Turkish media reports disclose that the satellite pay TV operator Digiturk has been acquired by Sheikh Nasser Al-Khelaifi of Qatar. The reports indicate that the Sheikh has agreed to pay $820 million for the acquisition of 53% of Digiturk.
Digiturk, from its launch in 2000, was managed by the Cukurova Group, a large Turkish holding group with interests in many sectors of the country’s economy. However, last year Digiturk was seized by a state entity after Cukurova Group had failed to meet its debt obligations. The satellite pay TV operator was on sale from May 2013.
Sheikh Nasser Al-Khelaifi is the Chairman and Chief Executive Officer (CEO) of French football club Paris Saint Germain and a member of Qatar’s Olympic Committee. It has been reported that the Sheikh has very close ties with the ruling family of the Gulf emirate. No official announcement of the deal is being made public yet, however Turkish Media are reporting that the Al Jazeera Media Network will take part in the business management of Digiturk.
The acquisition of Digiturk marks the largest all-time takeover deal in the Turkish Media Market. The buyer, Sheikh Nasser Al Khelaifi is the Chairman and CEO of beIN Media Group (an Al Jazeera Media Network spin-off that manages a number of sports channels under the brand name beIN Sports-formerly known as Al Jazeera Sports) as well as the Chairman of the Qatar Sports Investment (QSI). QSI is a sovereign fund which was founded in 2005 and was formed as a joint initiative between the Qatar Olympic Committee and the Ministry of Finance of the Gulf State. QSI is an investment vehicle through which the Qatari Government instruments a key acquisitions’ strategy in the business of sports: QSI is the owner of the French Paris Saint Germain football club, the largest shareholder of sportswear company BURRDA as well as the sponsorship partner of one of the most prominent football clubs in Europe, Barcelona FC.
For the Qataris, the acquisition of Digiturk serves a plethora of strategic goals, like:
Digiturk was on sale from May 2013 when the state-controlled Savings Deposit Insurance Fund seized several assets belonging to the Cukurova Group (parent company of Digiturk). Cukurova Group had a 53% majority stake in the satellite pay TV operator while private equity fund Providence Equity Partners is holding the rest 47% of shares. The seizure of Cukurova’s assets came as a result of the inability of the company to serve a USD450m debt obligation. Digiturk was not the only Media asset seized: FTA TV channels Show TV and Skyturk360 and daily papers Aksam and Gunes have also been seized. Digiturk, as a lucrative asset, has attracted the interest of some of the largest Turkish Media and Telecoms corporations like the Dogan Holding Group, Turk Telekom and the Dogus Media Group. Turkish Media had cited International Media companies like News Corporation and Liberty Global as interested in acquiring the Turkish pay TV operator.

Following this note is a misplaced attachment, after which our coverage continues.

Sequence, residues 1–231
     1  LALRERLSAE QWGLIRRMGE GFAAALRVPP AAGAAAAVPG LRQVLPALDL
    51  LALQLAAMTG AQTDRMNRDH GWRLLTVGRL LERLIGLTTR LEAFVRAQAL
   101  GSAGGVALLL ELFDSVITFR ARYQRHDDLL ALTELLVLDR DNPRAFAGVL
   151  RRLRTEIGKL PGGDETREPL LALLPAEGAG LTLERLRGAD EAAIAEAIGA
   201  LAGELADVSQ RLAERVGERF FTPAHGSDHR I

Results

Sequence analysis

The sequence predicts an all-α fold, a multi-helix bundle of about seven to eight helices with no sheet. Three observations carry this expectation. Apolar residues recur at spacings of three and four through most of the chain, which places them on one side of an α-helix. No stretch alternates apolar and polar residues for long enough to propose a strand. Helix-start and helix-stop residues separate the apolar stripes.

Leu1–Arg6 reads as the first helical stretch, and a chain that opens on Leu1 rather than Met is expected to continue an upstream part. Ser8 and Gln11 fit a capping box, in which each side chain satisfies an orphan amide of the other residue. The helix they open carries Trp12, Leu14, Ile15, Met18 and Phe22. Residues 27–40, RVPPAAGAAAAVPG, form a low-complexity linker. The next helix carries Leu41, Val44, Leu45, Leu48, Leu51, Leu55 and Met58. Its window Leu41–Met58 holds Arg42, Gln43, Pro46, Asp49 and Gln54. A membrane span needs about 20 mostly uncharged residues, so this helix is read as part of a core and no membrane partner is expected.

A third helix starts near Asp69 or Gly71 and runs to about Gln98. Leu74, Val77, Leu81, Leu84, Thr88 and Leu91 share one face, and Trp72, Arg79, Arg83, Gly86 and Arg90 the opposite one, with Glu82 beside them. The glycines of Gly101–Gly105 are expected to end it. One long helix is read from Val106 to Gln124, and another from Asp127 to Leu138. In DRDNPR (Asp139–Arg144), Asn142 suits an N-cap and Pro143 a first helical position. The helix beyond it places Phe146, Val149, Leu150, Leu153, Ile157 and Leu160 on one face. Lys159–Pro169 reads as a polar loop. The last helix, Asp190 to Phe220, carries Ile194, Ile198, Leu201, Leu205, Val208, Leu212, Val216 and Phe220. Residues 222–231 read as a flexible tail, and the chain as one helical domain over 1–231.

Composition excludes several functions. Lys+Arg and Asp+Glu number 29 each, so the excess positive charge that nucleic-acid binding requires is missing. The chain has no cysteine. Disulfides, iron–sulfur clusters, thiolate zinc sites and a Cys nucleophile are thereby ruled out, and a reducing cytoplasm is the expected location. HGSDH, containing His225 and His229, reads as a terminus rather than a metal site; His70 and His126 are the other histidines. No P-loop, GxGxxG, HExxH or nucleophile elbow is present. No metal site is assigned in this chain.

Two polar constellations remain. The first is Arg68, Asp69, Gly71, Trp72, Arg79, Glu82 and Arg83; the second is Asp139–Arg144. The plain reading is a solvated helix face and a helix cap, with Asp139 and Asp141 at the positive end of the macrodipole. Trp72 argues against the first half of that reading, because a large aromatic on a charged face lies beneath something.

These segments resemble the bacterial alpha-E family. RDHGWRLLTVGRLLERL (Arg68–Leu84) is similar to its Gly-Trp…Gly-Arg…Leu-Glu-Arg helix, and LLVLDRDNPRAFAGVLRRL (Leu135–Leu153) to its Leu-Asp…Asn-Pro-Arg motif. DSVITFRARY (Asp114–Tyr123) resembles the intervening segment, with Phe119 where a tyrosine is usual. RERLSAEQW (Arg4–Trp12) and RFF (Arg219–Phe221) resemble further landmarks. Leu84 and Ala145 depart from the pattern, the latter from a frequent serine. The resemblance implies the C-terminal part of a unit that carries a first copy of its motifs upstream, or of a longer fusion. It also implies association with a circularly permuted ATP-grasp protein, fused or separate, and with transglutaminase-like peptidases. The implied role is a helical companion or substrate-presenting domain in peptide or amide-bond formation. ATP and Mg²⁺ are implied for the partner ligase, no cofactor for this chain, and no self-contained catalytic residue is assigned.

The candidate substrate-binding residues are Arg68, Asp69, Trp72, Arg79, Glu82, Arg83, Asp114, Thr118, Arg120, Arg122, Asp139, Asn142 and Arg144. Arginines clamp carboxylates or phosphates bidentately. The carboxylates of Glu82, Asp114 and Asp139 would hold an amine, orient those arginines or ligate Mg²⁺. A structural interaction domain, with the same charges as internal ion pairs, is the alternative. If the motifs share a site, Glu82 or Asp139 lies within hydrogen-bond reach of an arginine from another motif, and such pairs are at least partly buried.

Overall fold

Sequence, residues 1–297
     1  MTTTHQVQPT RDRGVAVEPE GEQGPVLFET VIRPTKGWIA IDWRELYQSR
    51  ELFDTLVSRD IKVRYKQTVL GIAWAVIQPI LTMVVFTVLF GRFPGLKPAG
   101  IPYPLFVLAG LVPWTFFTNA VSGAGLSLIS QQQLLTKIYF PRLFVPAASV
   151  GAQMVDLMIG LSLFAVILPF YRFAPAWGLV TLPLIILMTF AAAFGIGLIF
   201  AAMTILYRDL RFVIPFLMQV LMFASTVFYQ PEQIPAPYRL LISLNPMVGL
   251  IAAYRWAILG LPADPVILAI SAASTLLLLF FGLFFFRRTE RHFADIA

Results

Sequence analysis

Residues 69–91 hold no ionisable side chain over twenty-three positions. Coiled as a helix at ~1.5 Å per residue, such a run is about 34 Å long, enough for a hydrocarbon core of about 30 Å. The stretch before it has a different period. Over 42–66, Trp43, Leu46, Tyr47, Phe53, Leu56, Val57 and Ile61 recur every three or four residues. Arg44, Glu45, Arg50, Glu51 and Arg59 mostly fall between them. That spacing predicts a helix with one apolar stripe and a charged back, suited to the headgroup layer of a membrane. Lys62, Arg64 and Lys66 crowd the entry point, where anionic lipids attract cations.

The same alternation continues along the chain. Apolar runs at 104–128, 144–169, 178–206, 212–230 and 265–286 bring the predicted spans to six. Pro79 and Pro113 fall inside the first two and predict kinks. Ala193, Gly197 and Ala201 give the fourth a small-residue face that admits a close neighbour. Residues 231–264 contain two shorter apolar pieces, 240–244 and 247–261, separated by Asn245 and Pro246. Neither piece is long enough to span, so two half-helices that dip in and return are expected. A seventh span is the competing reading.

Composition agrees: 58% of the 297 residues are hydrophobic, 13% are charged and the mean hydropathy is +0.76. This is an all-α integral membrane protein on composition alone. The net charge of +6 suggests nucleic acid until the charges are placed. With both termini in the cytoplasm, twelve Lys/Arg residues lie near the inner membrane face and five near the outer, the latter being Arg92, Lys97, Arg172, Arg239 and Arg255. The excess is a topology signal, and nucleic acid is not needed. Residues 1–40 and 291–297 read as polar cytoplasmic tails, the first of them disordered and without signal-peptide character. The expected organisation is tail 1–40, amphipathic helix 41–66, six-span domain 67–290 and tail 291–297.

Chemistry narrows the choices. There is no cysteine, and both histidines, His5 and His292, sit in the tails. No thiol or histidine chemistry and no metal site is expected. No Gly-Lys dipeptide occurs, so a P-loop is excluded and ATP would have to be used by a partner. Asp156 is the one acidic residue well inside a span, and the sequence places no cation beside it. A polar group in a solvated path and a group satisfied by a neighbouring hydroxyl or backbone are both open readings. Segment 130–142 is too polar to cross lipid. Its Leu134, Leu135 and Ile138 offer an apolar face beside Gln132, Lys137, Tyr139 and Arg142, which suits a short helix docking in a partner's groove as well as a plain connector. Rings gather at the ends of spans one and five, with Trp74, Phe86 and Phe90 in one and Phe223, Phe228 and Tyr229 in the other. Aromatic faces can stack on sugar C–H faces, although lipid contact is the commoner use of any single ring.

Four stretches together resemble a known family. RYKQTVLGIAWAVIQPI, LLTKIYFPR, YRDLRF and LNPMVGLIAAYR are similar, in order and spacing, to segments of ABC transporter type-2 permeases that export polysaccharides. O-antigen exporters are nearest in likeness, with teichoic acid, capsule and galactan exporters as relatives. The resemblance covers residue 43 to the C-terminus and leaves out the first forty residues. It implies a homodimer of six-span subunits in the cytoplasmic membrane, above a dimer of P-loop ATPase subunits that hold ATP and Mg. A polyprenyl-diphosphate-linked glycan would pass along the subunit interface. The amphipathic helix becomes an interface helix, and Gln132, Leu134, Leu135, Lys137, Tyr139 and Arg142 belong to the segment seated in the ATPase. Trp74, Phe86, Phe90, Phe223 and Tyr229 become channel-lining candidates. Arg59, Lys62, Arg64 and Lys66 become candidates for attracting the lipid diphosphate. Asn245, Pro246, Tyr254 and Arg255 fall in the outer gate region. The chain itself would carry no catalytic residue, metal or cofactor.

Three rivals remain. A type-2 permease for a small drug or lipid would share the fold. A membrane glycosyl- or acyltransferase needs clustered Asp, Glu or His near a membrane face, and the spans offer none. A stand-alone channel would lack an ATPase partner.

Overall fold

Dogan Holding Group had made the highest reported bid for the 53% stake, offering in January 2014 $880m. Dogan’s first bid was to the height of $742m back in September 2013, while Turk Telekom’s submitted non-binding offer stood at $530m. Interestingly enough, the amount of money that the Qataris have been reported to have agree to pay is around 7% lower than Dogan’s final offer ($820m versus $880m). However, IHS Television Media Intelligence believes that a possible acquisition of Digiturk by Dogan Holding Group would have been blocked by the Competition Authority of the country. The reason is that Dogan already controls the second largest satellite pay TV platform in Turkey (D-Smart) and a possible takeover would have granted Dogan with significant market power (SMP) in the Turkish pay TV market. According to IHS Television and Media Intelligence, a further reason as to why Digiturk did not end up into Dogan’s hands is the rather strained relations that Aydin Dogan (the owner of Dogan Holding Group) has with the President of the Turkish Republic, Tayyip Erdogan. In Turkey, close ties with the ruling political elite are a necessary prerequisite for Media companies that want to expand their business entities and it is not a coincidence that the other Media assets, seized from Cukurova, all ended up in the hands of political allies of Mr Erdogan like the Ciner Holding Group (FTA TV channel Show TV) and the STAR Media Group (FTA TV channel Skyturk360 and daily papers Aksam and Gunes). Under this framework, the Al Jazeera Media Network seems, to the eyes of the Turkish government, like a very favourable candidate for acquiring Digiturk, as recently Turkey and Qatar have aligned their Middle Eastern policies fully supporting the politics of the Muslim Brotherhood. The recent close ties between the two countries have been emphasized by a string of investments by Al Jazeera to the Turkish Media market: The Qataris have created the channel Al Jazeera Turk (established in Istanbul and broadcasting in the Turkish language) and have paid $20m on April 2013 for obtaining a Digital Terrestrial Television licence for the channel. Furthermore, in the first quarter of 2014 Al Jazeera has launched in Turkey a new portal (Aljazeera.com.tr), new mobile applications and a digital magazine. In total the Qataris have agreed to invest more than $850m in the Turkish Media market.
The financial backing from the new Qatari owners will undoubtedly strengthen Digiturk’s dominant position in the Turkish pay TV market. However, as the pay TV business in the country is facing positive prospects for the near future, the other major players (D-Smart, Turksat and TTNET) are not going to watch idly by: just one week prior to the Digiturk takeover TTNET (the IPTV offspring of Turk Telekom) has announced the acquisition of Media rights for the UEFA Champions League and Europa League competitions for the period 2015-2018, a move that will certainly boost TTNET's subscriber numbers.